When I go to the restaurant and I order a steak, the waiter usually asks me how I would like the meat cooked.
Usually, around the world and in all restaurants, when you order a steak you can choose between three types of cooking your steak. In the kitchen today is used the thermometer to determine the doneness of a steak. When I was working as a commis de cuisine, I had to learn how to feel the touch of the meat with my finger to determine the cooking, or make a cut in the steak with a knife; Today is a different story.
Below the three temperatures and names for when you order a steak:
- au bleu cooking or rare (cooking temperature of 40 degrees to the heart of the steak)
- saignant cooking or medium-rare (Internal appearance lighter red, cooking temperature by 50-60 degrees to the heart
- well-done (cooking temperature at the heart of 70 degrees)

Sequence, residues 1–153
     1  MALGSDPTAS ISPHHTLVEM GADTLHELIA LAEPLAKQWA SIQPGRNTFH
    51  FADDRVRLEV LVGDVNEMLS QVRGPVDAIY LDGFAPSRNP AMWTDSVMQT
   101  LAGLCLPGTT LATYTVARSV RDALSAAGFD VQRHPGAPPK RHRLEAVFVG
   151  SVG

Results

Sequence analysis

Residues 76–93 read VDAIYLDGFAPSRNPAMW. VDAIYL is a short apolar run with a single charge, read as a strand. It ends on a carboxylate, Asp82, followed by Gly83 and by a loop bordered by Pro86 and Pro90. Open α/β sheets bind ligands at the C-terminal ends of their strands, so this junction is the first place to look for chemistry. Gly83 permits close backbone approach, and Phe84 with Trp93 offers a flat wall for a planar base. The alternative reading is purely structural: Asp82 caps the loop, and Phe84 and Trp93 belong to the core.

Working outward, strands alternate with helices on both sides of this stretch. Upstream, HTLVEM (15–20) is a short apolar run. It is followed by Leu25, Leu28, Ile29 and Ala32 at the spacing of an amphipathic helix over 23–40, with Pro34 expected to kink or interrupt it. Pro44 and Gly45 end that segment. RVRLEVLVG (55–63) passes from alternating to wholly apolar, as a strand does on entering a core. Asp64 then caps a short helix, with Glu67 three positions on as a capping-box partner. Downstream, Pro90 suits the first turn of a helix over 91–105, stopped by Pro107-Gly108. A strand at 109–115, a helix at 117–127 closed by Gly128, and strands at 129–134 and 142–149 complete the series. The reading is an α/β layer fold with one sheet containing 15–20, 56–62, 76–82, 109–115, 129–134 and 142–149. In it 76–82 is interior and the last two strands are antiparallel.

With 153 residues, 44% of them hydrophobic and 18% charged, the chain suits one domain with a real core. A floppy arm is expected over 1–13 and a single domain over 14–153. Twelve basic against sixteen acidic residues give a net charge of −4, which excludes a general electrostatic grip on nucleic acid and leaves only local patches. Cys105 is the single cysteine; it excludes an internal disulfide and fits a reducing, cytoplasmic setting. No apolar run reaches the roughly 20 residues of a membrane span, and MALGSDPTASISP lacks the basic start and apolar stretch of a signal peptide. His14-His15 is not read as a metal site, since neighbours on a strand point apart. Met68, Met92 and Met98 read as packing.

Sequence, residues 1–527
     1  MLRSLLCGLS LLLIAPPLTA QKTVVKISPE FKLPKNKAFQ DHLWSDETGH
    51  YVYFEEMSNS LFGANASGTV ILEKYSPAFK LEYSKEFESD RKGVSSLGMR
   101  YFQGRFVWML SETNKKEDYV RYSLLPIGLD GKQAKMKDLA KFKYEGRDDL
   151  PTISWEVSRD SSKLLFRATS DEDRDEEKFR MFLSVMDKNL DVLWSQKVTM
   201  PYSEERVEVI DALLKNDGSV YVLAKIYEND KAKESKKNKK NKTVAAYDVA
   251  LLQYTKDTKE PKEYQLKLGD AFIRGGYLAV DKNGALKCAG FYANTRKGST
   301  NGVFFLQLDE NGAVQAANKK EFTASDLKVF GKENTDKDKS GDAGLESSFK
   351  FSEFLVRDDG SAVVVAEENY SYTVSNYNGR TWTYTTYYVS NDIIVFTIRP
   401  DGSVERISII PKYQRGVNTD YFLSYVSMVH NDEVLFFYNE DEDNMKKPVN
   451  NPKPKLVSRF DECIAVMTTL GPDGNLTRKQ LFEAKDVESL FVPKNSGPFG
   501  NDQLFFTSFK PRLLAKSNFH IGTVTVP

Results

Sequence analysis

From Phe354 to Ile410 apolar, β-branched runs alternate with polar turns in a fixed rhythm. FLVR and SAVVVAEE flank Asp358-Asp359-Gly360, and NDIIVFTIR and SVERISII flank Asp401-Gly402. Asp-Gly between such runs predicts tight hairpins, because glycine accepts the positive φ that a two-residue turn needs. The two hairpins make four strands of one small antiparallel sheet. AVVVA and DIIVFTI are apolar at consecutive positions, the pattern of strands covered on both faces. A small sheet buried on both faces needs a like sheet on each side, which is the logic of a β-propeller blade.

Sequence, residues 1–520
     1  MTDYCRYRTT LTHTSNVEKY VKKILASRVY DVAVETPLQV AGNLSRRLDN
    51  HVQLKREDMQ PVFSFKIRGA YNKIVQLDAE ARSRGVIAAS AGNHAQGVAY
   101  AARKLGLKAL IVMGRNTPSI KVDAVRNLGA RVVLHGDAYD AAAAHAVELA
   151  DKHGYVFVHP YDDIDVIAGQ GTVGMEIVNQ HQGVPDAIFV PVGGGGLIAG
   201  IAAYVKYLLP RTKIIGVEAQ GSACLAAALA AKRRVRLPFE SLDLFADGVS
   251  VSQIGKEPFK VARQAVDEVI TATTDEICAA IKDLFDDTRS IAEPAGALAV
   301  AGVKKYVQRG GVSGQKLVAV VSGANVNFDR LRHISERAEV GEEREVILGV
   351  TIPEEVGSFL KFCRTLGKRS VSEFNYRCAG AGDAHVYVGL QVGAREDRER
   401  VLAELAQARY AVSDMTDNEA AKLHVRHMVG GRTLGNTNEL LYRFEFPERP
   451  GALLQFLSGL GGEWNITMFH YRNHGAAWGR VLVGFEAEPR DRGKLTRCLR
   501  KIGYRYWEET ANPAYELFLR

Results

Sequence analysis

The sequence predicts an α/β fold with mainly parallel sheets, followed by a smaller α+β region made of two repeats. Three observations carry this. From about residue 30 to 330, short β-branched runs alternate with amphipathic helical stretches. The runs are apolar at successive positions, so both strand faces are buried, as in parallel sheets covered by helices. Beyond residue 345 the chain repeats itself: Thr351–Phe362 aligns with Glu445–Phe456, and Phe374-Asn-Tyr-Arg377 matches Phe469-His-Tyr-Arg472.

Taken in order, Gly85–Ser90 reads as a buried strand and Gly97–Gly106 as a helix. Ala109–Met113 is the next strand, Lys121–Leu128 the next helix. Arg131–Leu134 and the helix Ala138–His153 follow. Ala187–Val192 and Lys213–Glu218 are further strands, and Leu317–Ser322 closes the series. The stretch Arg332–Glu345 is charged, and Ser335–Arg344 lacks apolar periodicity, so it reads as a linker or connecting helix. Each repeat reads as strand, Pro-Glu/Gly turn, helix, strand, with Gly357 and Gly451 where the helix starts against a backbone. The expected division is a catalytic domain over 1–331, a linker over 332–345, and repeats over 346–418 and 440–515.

When an Italian around the world order a pasta dish that is written in the menu is totally different, why the waiter do not ask me how I would like to be cooked the pasta?
It seems that the argument is of little importance, since out of Italy, cook the pasta “al dente” is not a priority.
Therefore I propose that, in all restaurants of the world, three types of cooking by request for a pasta dish cooked at the moment:
- Dura (the pasta need to be cooked three minutes less then what is written on the packaging)
- Al dente (the pasta need to be cooked exactly the minutes written on the packaging)
- Ben cotta ( the pasta could be cooked tre minutes or more than what is written on the packaging)